- Wide spreads
The spread is basically the difference between the highest selling price and the lowest buying price. For many reasons, in the after-hours the spreads get wider and wider – mostly because few people trade and those who do try to sell their stock dearly or buy cheaply. Whether it’s good or bad is up to speculation.
The principle behind after-hours
You don’t exactly trade on the exchange itself when the closing bell rings. Instead, you’re invited to an Electronic Communication Network (ECN) to perform your late purchases and sales.
ECNs are channels of direct trading between major brokers and the individuals like you who wish to be a part of sudden trading boom. Granted, it takes more time to make deals here, even ignoring the general low participation rate. However, if you are willing to trade in a more or less current market price and came at a right time, you may be able to conduct a profitable exchange.
Depending on a nature of the emergency, some number of people may be willing to trade in altered prices, but the more you wait, the less it’s likely to happen. The all-evening hysterias rarely happen, though if some insane trend goes on after the market closes, it may take a long time to pacify it.
Even if stock price comes up by $20 dollars or more per share, the craze is likely to go down after only 15 minutes of immense trading.
Stock market after hours trading is beneficial in several ways. Obviously, it’s a chance to gain profit from sudden price fluctuation. However, it’s deeper than that.
- Predict the change
Since in after-hours the exchanges don’t work, the potential for price movement is limited. However, if you somehow know that some systematic global event is going to change the value of some asset after the closing time, you can just as easily invest into the stock in the closing hour, and then see if the price changes.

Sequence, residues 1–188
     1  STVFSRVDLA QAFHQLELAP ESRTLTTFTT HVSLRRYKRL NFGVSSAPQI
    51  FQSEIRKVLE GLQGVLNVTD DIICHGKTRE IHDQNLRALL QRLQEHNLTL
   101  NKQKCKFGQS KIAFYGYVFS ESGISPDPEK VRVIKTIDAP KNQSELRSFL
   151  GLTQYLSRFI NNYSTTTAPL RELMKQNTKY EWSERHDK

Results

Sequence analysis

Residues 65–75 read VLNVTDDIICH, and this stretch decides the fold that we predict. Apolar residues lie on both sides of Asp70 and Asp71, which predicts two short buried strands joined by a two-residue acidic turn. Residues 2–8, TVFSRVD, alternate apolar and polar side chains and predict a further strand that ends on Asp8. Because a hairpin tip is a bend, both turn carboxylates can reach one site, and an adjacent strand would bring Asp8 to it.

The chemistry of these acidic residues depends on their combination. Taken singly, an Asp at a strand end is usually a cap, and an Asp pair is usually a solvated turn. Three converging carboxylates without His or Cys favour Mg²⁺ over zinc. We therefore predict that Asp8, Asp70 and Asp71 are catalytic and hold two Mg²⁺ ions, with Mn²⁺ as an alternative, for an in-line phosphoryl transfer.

If the prices stay the same, you can sell the stock in the opening hour. Whatever else happens in after-hours shouldn’t affect the price of your stock.
- The value changes without the boom
The emergency may not happen, but the worth of the popular and liquid assets can still change. After-hours is not the emergency-only space, though it’s very useful for such occasions. Of course, the liquidity is very limited in such times. But you can expect the strongly liquid stock to change value.
If the value changes even a slight bit during after-hours, you can conduct a deal. Remember that during evening hours the volatility increases. So, even a small push can change the price. The only real challenge is to find a buyer.
The potential benefits are still outnumbered by the risks. In the end, it’s better to use the after-hours in case of some emergency, as most people do.
The most notable risks include: poor liquidity, less trading volume, increased volatility, spread widening, and smaller number of investors.